Some 80,000 households which claim child tax credits for pre-school children will have to send evidence to HM Revenue and Customs (HMRC) of the amount they are paying a nursery, child-minder or nanny over a 10-week period. A further 500,000 families with youngsters aged between 16 and 19 who are in full-time education and are therefore eligible for child tax credits will have to send proof, in the form of letters from schools or colleges, to HMRC, rather than "self-certify" as they do now.
The Chancellor estimates the new rules will recoup £315m in overpayments in tax credits in the year 2014-15, a further £185m in 2015-16 and £85m the following year. Fraud and error in the tax credits system last year cost the Treasury more than £2.2bn, and Treasury sources said there needed to be tougher measures to claw back taxpayers' money.
Yet there were warnings last night that the new rules would deter some parents – who are at the lower end of the income scale – from claiming tax credits because of the onerous and complex paperwork.
The new rules follow measures imposed on higher earners to provide paperwork to tax inspectors on child benefit. From next month, parents who earn more than £50,000 will lose most of their child benefit and must send payslips or bank statements to HMRC in order to claim back some of the money. Child benefit is being axed altogether from households where one earner is on a salary of more than £60,000.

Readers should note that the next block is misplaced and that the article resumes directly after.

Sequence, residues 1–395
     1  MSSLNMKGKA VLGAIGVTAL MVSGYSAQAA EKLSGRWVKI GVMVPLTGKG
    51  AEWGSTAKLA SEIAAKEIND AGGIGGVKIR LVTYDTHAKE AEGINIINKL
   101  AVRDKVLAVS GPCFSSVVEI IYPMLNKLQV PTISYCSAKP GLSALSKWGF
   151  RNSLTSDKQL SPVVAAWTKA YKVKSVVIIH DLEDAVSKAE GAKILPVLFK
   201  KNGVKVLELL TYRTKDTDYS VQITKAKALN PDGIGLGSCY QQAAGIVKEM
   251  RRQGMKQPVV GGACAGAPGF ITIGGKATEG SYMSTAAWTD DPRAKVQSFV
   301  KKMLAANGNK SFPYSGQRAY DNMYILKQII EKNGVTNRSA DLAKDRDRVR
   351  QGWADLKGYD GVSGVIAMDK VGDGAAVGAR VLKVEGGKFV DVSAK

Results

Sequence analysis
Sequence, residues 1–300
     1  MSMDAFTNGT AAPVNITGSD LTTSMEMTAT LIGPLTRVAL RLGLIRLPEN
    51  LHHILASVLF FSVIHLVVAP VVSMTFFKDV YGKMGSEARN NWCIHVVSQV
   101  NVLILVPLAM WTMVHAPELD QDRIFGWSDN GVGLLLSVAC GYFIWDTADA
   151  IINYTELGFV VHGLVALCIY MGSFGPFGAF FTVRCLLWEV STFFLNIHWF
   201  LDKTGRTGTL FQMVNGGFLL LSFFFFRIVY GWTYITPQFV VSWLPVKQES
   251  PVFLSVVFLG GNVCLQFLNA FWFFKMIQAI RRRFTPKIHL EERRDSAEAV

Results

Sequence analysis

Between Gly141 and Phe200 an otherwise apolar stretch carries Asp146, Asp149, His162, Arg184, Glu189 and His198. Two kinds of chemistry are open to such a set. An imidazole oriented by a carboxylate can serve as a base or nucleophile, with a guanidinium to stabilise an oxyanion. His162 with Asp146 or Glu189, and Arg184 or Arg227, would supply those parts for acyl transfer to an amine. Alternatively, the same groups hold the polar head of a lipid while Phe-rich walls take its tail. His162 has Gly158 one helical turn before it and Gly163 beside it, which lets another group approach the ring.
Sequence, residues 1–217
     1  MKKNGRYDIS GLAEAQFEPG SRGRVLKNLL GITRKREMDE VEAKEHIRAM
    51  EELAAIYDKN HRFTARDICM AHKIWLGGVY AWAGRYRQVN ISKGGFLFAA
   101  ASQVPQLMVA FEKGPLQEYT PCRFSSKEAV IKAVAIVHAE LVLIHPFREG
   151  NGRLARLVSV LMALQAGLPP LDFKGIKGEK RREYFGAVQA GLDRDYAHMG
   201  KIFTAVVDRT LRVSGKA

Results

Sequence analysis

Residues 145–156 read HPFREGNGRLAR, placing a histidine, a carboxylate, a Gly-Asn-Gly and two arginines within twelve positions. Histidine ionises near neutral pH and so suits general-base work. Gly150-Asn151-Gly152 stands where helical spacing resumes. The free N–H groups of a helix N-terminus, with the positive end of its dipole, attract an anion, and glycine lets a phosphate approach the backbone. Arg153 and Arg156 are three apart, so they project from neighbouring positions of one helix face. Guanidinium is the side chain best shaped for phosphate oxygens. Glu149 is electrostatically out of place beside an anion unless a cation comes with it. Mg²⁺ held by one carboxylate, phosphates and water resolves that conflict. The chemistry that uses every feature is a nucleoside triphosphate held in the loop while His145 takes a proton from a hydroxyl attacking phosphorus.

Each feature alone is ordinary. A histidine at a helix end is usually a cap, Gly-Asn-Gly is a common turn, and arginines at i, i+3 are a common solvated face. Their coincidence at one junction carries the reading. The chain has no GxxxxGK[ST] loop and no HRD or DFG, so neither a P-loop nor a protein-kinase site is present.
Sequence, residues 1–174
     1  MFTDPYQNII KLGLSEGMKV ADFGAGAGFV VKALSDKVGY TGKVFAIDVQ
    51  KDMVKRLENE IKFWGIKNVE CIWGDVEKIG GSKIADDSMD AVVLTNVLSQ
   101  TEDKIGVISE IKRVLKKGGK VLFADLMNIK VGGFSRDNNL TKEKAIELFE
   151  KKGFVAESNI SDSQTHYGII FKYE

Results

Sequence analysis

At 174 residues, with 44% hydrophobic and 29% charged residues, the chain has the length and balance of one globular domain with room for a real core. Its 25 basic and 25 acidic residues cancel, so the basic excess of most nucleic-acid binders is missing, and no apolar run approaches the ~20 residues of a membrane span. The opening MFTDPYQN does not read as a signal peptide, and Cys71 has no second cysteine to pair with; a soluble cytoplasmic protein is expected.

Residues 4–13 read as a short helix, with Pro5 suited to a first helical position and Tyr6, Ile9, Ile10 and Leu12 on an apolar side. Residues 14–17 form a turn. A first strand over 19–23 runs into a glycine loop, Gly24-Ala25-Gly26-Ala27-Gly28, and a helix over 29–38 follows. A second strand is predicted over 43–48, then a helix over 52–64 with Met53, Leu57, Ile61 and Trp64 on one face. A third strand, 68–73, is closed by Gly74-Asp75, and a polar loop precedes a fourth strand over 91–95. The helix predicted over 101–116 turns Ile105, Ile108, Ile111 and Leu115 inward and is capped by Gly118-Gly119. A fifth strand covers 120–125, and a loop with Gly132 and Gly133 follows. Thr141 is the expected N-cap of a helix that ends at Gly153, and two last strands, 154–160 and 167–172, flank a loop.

And all this at a time when Slasher Osborne is hacking away at staff numbers in HMRC.  Little wonder that the department is dysfunctional, with more and more tasks loaded on the backs of fewer and fewer staff.

07 December 2012


Is this what education has come to?  The Independent reports:

The Education Secretary Michael Gove today announced plans to send former soldiers into classrooms to pass on the “military ethos” to troubled children.
The £1.9 million initiative is aimed at children who have been excluded from schools. Ex-servicemen will visit schools to help instil teamwork, discipline and leadership skills through tailor-made exercises.
Mr Gove said: “Every child can benefit from the values of a military ethos.” He added: “Exclusion from school should never mean exclusion from education.”

And what will soldiers teach the little brats?  How to march in a straight line?  How to obey orders, however stupid?  How to submerge identity in a uniform?  How to wear a chestful of medals?  How to shoot weapons?  How to kill?

06 December 2012

Conversation of the week


Osborne: Er … You remember when I said that I had a cunning plan to reduce the deficit and increase growth?
 Cameron: Y-e-e-e-s?
Osborne: Well, it turns out I got my sums a wee bit wrong and the economy is actually going to carry on tanking until 2018 and we're borrowing a lot more than I imagined.
Cameron: And what does this mean in practice, Ozzy?
Osborne: To put it bluntly, Cams, we're up shit creek without a paddle.